(2)  Where the assignor, or person or firm against whom a receiving order has been made in bankruptcy, or a winding up order has been made, being a lessee, has, before the making of the assignment or such order demised any premises by way of under-lease, approved or consented to in writing by the landlord, and the assignee, liquidator or trustee surrenders, disclaims or elects to assign the lease, the under-lessee, if the under-lessee so elects in writing within three months of such assignment or order, stands in the same position with the landlord as though the under-lessee were a direct lessee from the landlord but subject, except as to rental payable, to the same liabilities and obligations as the assignor, bankrupt or insolvent company was subject to under the lease at the date of the assignment or order, but the under-lessee shall in such event be required to covenant to pay to the landlord a rental not less than that payable by the under-lessee to the debtor, and if such last mentioned rental was greater than that payable by the debtor to the said landlord, the under-lessee shall be required to covenant to pay to the landlord the like greater rental. R.S.O. 1990, c. L.7, s. 39 (2).

Settlement of disputes

(3)  In the event of any dispute arising under this section or section 38, the dispute shall be disposed of by a judge of the Superior Court of Justice upon an application. R.S.O. 1990, c. L.7, s. 39 (3); 2006, c. 19, Sched. C, s. 1 (1).

Distress for rents seck

40.  Every person has the like remedy by distress and by impounding and selling the property distrained in cases of rents seck as in case of rent reserved upon lease. R.S.O. 1990, c. L.7, s. 40.

Distress for arrears on leases determined

41.  A person having any rent due and in arrear, upon any lease for life or lives or for years, or at will, ended or determined, may distrain for such arrears, after the determination of the lease, in the same manner as the person might have done if the lease had not been ended or determined, if the distress is made within six months after the determination of the lease, and during the continuance of the landlord’s title or interest, and during the possession of the tenant from whom the arrears became due. R.S.O. 1990, c. L.7, s. 41.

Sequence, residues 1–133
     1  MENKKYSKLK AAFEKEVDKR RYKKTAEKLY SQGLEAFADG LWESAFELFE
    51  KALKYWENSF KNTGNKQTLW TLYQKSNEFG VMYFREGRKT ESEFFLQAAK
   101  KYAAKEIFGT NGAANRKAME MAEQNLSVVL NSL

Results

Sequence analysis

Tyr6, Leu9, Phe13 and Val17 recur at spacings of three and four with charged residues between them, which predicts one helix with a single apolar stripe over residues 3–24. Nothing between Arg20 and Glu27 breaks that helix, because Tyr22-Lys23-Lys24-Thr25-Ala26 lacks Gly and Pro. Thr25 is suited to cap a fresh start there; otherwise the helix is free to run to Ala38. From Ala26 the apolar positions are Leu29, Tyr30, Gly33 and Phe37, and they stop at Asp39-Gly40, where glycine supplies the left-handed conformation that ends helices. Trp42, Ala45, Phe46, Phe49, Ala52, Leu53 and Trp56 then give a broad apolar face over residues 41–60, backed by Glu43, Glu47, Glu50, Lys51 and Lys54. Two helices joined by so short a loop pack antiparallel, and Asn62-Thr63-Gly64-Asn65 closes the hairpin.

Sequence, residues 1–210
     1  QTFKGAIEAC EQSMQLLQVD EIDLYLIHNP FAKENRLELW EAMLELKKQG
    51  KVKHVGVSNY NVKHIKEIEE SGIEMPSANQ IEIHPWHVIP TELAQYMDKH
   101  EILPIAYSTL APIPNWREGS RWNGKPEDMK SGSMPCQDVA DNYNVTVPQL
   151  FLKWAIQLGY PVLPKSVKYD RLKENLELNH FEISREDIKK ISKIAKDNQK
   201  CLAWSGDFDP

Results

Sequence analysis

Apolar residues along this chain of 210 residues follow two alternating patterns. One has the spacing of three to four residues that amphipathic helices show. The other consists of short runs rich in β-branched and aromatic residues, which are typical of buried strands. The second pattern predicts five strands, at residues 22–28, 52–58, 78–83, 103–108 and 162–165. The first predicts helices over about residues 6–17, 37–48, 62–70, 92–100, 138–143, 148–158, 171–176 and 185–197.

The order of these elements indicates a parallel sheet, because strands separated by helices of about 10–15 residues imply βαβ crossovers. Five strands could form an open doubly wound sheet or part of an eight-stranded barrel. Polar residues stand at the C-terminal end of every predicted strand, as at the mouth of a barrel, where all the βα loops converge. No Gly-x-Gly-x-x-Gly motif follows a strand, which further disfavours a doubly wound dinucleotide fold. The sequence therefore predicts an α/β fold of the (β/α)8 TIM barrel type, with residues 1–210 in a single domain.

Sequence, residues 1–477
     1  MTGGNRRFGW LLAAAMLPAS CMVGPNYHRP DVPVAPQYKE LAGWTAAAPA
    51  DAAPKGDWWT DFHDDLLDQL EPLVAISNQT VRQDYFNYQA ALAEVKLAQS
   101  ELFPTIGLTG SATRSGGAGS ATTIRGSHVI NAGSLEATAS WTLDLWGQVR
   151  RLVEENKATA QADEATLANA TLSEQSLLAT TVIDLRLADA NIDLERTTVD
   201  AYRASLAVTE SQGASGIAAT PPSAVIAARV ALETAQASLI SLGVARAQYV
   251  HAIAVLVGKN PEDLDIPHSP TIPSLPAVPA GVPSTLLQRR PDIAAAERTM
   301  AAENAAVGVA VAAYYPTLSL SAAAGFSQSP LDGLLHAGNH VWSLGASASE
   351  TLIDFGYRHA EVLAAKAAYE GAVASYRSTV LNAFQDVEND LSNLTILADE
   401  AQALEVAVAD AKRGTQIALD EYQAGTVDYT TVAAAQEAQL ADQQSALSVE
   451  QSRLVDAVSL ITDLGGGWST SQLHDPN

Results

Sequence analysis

Right of persons entitled to rent during life of another to recover same after death

42.  A person entitled to any rent or land for the life of another may recover by action or distress the rent due and owing at the time of the death of the person for whose life such rent or land depended as the person might have done if the person by whose death the estate in such rent or land determined had continued in life. R.S.O. 1990, c. L.7, s. 42.

Distress to be reasonable

43.  Distress shall be reasonable. R.S.O. 1990, c. L.7, s. 43.

Right to distrain cut or loose grain, etc.

44.  A person having rent due and in arrear upon any demise, lease, or contract may seize and secure any sheaves or cocks of grain, or grain loose, or in the straw, or hay, lying or being in any barn or granary or otherwise upon any part of the land charged with such rent, and may lock up or detain the same in the place where the same is found, for or in the nature of a distress until the same is replevied, and in default of the same being replevied, may sell the same after appraisement thereof is made; but such grain or hay so distrained shall not be removed by the person distraining, to the damage of the owner thereof out of the place where the same is found and seized, but shall be kept there, as impounded, until it is replevied or sold in default of replevying. R.S.O. 1990, c. L.7, s. 44.

Right to distrain cattle, livestock, standing crops

Distress of cattle or livestock

45.  (1)  A landlord may take and seize, as a distress for arrears of rent, any cattle or livestock of the landlord’s tenant feeding or pasturing upon any highway, or on any way belonging to the demised premises or any part thereof. R.S.O. 1990, c. L.7, s. 45 (1).

Distress of standing crops

(2)  Subject to subsection (4), a landlord may take and seize standing crops as a distress for arrears of rent, and may cut, gather, make, cure, carry and lay up the same, when ripe, in the barns or other proper place on the demised premises and, if there is no barn or proper place on the demised premises, then in any other barn or proper place which the landlord hires or otherwise procures for that purpose as near as may be to the premises, and may in convenient time appraise, sell or otherwise dispose of the same towards satisfaction for the rent for which the distress is made, and of the charges of the distress, appraisement and sale in the same manner as other goods and chattels may be seized, distrained and disposed of, and the appraisement thereof shall be taken when cut, gathered, cured and made and not before. R.S.O. 1990, c. L.7, s. 45 (2).

Tenant’s right to notice of place of keeping

(3)  Notice of the place where the goods and chattels so distrained are lodged or deposited shall, within one week after the lodging or depositing thereof, be given to the tenant or left at the tenant’s last place of abode. R.S.O. 1990, c. L.7, s. 45 (3).

Satisfying distress of standing crops